Well, he’s earned it. As for the From the Shadows directors, they’re still in the thick of it, and here’s what they have to say:

I saw something dating back a few years to when you were working on this project. How long has it been?

We had our first shoot at the end of the summer [2006], so it’s been four and a half years since we started it. We have shot over 250 tapes and I’m guessing approximately 200 hours of footage. David lives in Japan so he doesn’t need to travel there, but I’ve been there about 8 times since we started. David’s flown back to the States probably around 8 to 10 times as well.

What drew you to this theme?

Collectively, David and I have lived in Japan for over 22 years. David still lives there. Both of us are married to Japanese citizens and have children who are binational. We have a vested interest in seeing things change, to say the least. Ultimately, it was an article we read in an English magazine in Japan about Murray Wood’s case that drew us to the story. We thought a wrong had been done and that it needed to be “righted.”

How many families currently have children who’ve been abducted in Japan?

The State Dept. reports there are 73 cases involving 104 children just for America. France has 33. England and Canada were at 36 and 33 respectively last time we heard official numbers in 2009.

Is there a decision imminent regarding Japan signing the Hague Convention?

If you believe the newspapers you might think so, and I will admit the issue has been getting more press than ever before but after hearing vague explanations for years from government officials, we are not holding are breath. Even if Japan does sign there is still the issue of whether they will be compliant, so as one knowledgeable lawyer said to me, “I will believe progress has been made when the first child is sent back.”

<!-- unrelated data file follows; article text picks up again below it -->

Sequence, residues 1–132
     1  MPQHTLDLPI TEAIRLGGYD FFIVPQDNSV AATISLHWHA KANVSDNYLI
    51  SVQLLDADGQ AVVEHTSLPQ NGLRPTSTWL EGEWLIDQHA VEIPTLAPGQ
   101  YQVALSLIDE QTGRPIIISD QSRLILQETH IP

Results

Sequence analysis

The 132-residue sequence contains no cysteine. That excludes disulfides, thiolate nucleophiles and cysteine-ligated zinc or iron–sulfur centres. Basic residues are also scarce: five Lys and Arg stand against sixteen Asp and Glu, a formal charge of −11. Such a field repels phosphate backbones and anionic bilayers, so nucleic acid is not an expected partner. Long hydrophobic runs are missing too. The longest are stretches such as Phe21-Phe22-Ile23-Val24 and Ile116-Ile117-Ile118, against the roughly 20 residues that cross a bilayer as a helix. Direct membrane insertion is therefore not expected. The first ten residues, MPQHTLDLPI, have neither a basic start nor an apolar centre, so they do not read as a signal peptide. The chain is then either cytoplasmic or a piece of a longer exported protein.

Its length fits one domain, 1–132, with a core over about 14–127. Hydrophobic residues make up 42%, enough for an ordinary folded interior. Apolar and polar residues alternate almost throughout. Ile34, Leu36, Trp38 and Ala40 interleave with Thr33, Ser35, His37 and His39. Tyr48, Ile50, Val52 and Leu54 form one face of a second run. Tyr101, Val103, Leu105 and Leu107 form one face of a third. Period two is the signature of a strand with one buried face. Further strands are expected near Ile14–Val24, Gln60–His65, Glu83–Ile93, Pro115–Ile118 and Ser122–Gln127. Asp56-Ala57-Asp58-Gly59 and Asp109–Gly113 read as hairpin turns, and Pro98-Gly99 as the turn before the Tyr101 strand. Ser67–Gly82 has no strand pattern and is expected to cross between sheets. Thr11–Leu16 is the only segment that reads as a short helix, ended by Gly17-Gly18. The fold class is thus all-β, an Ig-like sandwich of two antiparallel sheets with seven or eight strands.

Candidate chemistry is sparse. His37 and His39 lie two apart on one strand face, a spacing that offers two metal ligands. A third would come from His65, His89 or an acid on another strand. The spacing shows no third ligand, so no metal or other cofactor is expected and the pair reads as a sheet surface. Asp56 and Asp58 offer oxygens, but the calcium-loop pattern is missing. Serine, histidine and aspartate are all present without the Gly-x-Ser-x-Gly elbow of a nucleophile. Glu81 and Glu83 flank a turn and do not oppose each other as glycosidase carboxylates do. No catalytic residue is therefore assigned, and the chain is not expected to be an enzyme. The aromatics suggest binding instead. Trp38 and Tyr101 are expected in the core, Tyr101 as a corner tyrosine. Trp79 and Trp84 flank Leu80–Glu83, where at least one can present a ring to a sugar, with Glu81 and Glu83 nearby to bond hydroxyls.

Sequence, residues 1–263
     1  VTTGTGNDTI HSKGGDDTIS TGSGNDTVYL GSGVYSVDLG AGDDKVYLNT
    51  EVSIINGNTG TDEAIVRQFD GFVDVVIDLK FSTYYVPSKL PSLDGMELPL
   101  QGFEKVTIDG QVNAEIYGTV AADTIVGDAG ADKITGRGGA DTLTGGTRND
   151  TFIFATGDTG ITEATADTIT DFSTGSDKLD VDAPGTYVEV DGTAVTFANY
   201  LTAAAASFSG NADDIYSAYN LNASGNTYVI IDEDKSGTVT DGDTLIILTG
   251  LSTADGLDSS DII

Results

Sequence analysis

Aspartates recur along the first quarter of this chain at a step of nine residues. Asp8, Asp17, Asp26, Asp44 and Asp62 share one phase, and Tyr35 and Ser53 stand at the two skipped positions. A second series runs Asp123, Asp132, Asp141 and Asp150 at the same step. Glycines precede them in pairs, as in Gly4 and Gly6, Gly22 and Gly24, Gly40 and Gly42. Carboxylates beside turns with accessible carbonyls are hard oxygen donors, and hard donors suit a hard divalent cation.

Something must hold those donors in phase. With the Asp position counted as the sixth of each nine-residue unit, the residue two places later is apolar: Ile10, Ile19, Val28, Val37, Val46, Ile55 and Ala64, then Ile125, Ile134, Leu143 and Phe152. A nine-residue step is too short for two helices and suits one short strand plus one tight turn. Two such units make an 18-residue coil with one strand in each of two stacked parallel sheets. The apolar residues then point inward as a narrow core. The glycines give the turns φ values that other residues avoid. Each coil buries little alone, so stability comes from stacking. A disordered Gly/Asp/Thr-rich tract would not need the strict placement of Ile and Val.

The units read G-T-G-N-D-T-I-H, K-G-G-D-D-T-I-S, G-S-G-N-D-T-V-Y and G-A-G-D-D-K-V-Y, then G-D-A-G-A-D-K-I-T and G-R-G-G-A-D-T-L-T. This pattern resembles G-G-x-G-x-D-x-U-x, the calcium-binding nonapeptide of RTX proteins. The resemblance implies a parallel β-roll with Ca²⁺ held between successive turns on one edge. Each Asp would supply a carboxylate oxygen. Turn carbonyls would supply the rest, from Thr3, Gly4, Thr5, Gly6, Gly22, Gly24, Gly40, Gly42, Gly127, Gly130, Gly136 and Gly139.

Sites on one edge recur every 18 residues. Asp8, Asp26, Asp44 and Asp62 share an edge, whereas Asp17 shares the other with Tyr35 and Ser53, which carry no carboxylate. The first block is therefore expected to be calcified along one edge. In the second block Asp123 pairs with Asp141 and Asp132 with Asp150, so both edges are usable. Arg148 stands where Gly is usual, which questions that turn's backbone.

What’s your release plan for the film?

We are targeting several international film festivals in 2011. Unfortunately we were not accepted to Sundance 2011 but our spirits are high and judging from the reaction we have had at work-in-progress screenings we feel confident our audience is out there.

Have you in any way sought to reach out to any of the other parents who are involved with similar child abduction cases in other countries, such as Michael McCarty?

We are well aware that this problem goes beyond Japan but for many reasons we decided to focus on the Japan angle for this film. We have not contacted Michael McCarty or many of the other more well-known cases outside of Japan but we would be very interested to meet him (them) and see how we could work together. We hope our film raises awareness of this issue on a worldwide level and encourages discussion in all countries.

The film, Dear Zachary, tells a similar story, but it goes to the extreme because a child is killed by his mother. Do you think that sort of film is an important part of this discussion, or is it too alarmist?

We would really have to see the film to be able to address the question but I would think that question would be best answered by the audience reception to it. As one of our advisors told us, “If all the viewers of your film have no complaints, your message is probably not strong enough.”

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Tom Roston
Tom Roston is a guest columnist for POV's documentary blog. He is a former Premiere magazine senior editor, who graduated from Brown University and started his career in journalism at The Nation and then Vanity Fair. Tom's freelance work has appeared in The New York Times, The Guardian, The Los Angeles Times, The Hollywood Reporter and other publications. He has written several Kindle Singles, including the bestselling Kindle Singles Interview: Ken Burns. Tom's current list of favorite documentaries are: 1. Koyanisqaatsi by Godfrey Reggio; 2. Hoop Dreams by Steve James; 3.Stories We Tell by Sarah Polley; 4.Crumb by Terry Zwigoff; 5. Montage of Heck by Brett Morgen